Get on board with Guide Bushings
Bushing types and sizes
Guide bushings are short tubes (or barrels) of various diameters and lengths, mounted to a metal plate that fits in your router’s subbase and through which a router bit extends. The bushing serves to space the bit a fixed distance from a template or straightedge.
Most router subbases accept either universal bushings, also known as Porter-Cable (P-C) bushings, or a proprietary bushing [Photo A]. Universal bushings fit into a stepped hole that’s 13⁄8 " in diameter at the outer face and 13⁄16 " in diameter on the inner face. A threaded ring locks it into the subbase.
Most guide bushings are referenced by the outside diameter (O.D.) of the barrel. Universal guide bushings range from 5⁄16 " to 1" O.D. (Bosch has a guide bushing in one of its kits with an O.D. of 13⁄8 ".) The most used bushing in my shop is a 3⁄4 " O.D., but having a full kit provides plenty of options. You also need to know the inside diameter (I.D.) to ensure that your selected bit will fit through.
Bushing barrel lengths run 3⁄16 " to 5⁄8 ". The barrel needs to be shorter than the thickness of the template or straightedge so it doesn’t rub on the workpiece. Because bushings are brass or steel, you can grind them shorter, if needed [Photo B].
Accuracy requires centering
Create identical parts
Bushings excel for pattern routing. Shape a template from plywood, hardboard, MDF, or acrylic and use it over and over to produce identical pieces. Because of the offset between the bit and bushing, the bit traces a slightly larger version of the template [Photo C]. To calculate this offset, take the guide bushing’s O.D., subtract the bit diameter, and divide by two. Note that to create identical pieces, you must use the same router bit and bushing each time. Switching either, or both, changes your results.
Create beautifully fit inlays with an inlay kit. It pairs a guide bushing with a collar matched to a specific-diameter bit. The collar compensates for the bit diameter and the offset between the bit and collar. Inlays routed without the collar [Photo D] fit perfectly in recesses routed with the collar in place [Photo E]. Sand or plane a slight chamfer on the bottom of the inlay, then glue it in place.
Rout shelf-pin holes
Make perfectly spaced holes for shelf pins with a shop-made template and a plunge router. To make the template, drill a series of holes matching the bushing O.D. into a piece of plywood, MDF, or acrylic. Space the holes as desired for the shelf pins. In your plunge router, install the bushing, and a spiral upcut bit that matches the shelf-pin diameter. Set the router depth stop so the bit reaches the desired depth below the template. Clamp the template onto a workpiece, register the bushing in a hole, and plunge the bit down to create a dead-straight shelf-pin hole [Photo F].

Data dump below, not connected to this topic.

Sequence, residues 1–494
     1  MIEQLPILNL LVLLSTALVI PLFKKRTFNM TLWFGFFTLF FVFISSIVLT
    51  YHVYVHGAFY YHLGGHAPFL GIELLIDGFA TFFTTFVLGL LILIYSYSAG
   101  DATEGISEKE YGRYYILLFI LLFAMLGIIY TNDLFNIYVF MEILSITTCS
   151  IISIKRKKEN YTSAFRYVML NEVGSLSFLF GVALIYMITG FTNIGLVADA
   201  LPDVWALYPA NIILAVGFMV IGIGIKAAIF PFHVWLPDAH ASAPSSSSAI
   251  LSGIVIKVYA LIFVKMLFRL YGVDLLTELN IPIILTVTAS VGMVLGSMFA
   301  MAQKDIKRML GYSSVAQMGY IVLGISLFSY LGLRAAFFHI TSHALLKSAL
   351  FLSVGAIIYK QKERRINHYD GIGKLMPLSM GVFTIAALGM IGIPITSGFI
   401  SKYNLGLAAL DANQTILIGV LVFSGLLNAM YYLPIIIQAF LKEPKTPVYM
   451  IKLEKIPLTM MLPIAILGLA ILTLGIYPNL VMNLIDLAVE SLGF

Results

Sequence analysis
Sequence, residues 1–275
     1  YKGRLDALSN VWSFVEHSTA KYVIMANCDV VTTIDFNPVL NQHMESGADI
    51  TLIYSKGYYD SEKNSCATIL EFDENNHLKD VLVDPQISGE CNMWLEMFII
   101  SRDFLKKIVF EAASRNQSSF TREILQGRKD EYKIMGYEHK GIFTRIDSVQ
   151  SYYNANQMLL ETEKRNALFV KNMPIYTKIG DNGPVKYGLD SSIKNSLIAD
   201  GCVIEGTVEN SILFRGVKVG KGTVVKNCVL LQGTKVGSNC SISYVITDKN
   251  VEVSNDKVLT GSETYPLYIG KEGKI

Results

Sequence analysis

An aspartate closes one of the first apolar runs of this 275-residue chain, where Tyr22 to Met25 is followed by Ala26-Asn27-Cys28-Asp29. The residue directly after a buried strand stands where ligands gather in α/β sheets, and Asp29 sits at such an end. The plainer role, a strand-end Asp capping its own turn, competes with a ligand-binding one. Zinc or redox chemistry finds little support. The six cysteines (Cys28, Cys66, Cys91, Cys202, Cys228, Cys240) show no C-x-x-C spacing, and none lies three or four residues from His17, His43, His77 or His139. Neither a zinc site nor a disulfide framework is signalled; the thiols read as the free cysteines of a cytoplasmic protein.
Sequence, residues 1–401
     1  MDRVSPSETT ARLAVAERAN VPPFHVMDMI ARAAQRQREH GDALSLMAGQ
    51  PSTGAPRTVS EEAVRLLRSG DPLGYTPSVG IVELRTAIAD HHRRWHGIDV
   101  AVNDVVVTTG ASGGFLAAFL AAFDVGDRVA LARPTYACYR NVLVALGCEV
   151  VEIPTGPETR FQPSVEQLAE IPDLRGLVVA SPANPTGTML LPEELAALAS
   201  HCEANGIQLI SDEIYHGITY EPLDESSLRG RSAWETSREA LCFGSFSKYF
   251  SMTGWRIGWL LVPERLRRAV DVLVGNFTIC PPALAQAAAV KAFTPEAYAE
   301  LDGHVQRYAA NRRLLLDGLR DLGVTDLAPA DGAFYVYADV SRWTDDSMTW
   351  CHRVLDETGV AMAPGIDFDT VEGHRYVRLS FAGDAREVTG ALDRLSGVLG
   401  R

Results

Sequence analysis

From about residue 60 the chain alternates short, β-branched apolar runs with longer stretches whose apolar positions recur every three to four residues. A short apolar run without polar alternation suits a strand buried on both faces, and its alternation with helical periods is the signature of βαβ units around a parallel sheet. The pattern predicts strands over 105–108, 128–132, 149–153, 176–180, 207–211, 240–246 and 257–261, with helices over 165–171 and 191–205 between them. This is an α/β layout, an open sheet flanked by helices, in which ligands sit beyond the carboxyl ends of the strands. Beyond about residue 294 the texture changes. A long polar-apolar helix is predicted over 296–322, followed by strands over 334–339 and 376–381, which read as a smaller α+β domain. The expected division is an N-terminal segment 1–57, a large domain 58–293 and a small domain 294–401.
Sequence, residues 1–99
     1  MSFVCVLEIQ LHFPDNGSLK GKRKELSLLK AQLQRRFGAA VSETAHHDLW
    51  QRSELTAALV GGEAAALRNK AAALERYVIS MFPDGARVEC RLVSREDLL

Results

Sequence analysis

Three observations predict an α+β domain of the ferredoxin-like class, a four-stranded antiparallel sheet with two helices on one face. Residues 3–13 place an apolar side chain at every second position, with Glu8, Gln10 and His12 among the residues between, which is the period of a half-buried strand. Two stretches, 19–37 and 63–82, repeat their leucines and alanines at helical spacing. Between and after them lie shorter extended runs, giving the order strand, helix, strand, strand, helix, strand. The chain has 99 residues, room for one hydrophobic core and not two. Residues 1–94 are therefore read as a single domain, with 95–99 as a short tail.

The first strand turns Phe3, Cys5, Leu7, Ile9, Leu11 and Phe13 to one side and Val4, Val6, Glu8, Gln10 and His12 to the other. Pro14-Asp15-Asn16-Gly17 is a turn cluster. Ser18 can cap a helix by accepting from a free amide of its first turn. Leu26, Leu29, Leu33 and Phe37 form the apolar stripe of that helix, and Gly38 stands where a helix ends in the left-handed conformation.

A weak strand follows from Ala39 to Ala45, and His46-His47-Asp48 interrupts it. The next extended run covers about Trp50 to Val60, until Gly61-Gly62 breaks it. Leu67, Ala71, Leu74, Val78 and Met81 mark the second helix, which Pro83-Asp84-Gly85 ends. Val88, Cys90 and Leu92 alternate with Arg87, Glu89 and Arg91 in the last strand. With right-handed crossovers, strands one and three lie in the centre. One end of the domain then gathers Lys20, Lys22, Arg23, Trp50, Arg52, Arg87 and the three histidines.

Cut circles hassle-free
With a typical circle-cutting jig, the router’s cord wraps around the tool as you work, and at some point during the cut you must let go of the tool to reposition your hands. But cutting circles using a guide bushing and this trammel [Photo G] eliminates those issues.
Use a spiral downcut bit for the cleanest cut, especially across the end grain.
Drill a hole near one end of the jig to match the O.D. of the bushing barrel. Install the bushing in your router and slip the bushing into the hole with the bit extended beyond the jig. Measure from the cutting edge of the bit to the desired radius, and drill a hole through the jig at that point to accept a pivot pin. (A cut-off finish nail works well.) Slip the jig over the pivot pin, and rout the circle [Photo H].
Perfectly place sliding dovetails
The easiest way to create dovetail sockets for sliding dovetails, such as when connecting dust panels or dividers to case sides, is to pair a 3⁄4 " O.D. guide bushing and 3⁄4 " dovetail router bit. When run against a straightedge, the bottom edge of the bit cuts in-line with the outside edge of the bushing [Photo I]. Simply align the straightedge at half the bit diameter (3⁄8 " in this case) from the centerline of the desired slot. Because the widest portion of the bit sits below the bushing, the bit never contacts the bushing. But this also limits your height adjustments, so create a template of appropriate thickness.